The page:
We left the NFL five years ago because we believe life in football can and does have higher meaning and purpose and we wanted our lives to reflect those beliefs with more integrity. The higher purpose in college football is, of course, that players are a part of a university campus, they are working toward a college degree, and many of them are playing for the love of the game. Only 2% of college football players will play in the NFL. While the lure of playing in the NFL motivates many of the players who work so hard on Saturdays for their schools, college football also has a higher purpose because it is part of a larger system of values. These values, in the best case scenarios, function at the same time that football is played at a high level and people care about winning.
The NCAA investigation at UNC has opened my eyes to many, many things about college football that threaten its “higher purpose” in university contexts. Anyone who follows football these days knows the litany of issues and ills that face the sport:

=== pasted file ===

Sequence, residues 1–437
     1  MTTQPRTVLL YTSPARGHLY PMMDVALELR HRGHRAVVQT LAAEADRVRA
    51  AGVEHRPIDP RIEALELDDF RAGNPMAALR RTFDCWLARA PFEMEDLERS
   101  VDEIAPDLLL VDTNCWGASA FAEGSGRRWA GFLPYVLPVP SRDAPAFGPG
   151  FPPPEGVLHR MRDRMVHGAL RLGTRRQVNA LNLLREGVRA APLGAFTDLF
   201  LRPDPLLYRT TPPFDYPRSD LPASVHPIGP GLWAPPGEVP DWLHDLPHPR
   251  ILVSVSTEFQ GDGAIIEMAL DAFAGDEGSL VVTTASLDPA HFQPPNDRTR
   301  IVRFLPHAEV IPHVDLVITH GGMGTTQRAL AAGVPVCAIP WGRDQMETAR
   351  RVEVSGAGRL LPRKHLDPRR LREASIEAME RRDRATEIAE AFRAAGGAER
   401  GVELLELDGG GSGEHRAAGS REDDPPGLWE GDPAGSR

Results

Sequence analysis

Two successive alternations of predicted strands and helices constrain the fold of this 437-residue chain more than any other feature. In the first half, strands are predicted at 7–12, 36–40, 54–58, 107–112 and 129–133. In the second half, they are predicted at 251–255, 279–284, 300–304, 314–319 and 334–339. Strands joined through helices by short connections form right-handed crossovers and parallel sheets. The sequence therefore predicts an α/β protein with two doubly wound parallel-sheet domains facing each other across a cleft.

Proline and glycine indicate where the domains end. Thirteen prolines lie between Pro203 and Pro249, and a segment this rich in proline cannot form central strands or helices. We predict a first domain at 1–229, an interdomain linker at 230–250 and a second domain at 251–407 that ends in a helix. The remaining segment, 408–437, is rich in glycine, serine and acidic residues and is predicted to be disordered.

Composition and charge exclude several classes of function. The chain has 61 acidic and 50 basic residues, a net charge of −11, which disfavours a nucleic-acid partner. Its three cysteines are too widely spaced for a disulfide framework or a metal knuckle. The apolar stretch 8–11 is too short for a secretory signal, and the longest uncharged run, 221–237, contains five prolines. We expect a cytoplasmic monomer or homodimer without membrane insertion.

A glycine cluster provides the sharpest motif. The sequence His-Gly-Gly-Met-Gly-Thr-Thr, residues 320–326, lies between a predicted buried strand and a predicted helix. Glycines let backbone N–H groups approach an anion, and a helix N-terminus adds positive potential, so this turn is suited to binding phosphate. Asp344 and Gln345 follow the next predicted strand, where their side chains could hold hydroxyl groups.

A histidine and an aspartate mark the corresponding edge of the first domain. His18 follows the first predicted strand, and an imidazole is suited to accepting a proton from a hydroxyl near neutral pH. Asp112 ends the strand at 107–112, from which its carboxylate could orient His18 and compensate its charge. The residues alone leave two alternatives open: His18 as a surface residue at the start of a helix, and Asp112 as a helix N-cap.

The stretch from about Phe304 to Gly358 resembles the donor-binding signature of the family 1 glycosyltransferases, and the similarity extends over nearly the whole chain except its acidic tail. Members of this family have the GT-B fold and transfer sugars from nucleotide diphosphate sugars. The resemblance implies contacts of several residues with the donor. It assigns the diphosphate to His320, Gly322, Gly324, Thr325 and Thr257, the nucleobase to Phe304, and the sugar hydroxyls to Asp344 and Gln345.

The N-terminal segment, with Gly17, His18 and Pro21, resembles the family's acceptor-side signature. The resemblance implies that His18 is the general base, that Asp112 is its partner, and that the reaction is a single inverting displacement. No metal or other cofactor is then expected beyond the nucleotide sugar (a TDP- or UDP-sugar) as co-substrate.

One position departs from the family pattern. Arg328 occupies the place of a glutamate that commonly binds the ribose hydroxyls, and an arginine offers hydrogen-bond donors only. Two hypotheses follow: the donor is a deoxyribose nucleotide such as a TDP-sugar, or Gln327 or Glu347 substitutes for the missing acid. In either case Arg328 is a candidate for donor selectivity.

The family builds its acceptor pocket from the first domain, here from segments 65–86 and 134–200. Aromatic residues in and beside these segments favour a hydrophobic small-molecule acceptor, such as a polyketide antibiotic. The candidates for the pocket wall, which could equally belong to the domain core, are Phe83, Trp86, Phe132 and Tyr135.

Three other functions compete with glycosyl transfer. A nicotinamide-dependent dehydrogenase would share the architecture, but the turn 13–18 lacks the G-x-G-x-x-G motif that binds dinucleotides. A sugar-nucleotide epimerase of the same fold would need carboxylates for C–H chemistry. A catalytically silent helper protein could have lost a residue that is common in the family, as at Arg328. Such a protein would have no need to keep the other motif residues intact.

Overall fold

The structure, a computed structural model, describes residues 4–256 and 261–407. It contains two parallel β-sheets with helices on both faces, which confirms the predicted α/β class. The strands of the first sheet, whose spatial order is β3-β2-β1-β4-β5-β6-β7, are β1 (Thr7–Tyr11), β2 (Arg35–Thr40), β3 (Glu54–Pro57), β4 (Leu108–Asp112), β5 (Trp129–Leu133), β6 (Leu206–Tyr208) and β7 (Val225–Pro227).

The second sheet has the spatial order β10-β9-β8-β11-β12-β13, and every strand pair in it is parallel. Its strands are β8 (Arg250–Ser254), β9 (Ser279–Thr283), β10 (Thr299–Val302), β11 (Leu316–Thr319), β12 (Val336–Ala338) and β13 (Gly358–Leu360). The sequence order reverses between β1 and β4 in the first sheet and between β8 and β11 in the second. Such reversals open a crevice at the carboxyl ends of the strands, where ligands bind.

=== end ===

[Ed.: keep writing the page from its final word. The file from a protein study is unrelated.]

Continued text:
- should players get paid?
- how can the NCAA regulate and police all the rules in college football?
- are head coaches paid too much?
- do players get meaningful degrees?
- are concussions an acceptable by-product of the game?
- what are the accountability systems in place in college football for both universities and the NCAA? Are they effective?
- is the BCS system fair? flawed beyond repair? replaceable by a playoff system in Division 1A?
- does football belong on university campuses at all?
These questions are all complicated and there are no easy answers to any of them. One thing is clear to me, however, after being up close to all that has happened at UNC the last two football seasons. What ails football may sound unique and particular to this sport that America loves so passionately. But, at its very core, the disease of this sport is no different than the sicknesses that threaten to afflict us all in human life: greed, dishonesty, abuse of power, and short sightedness.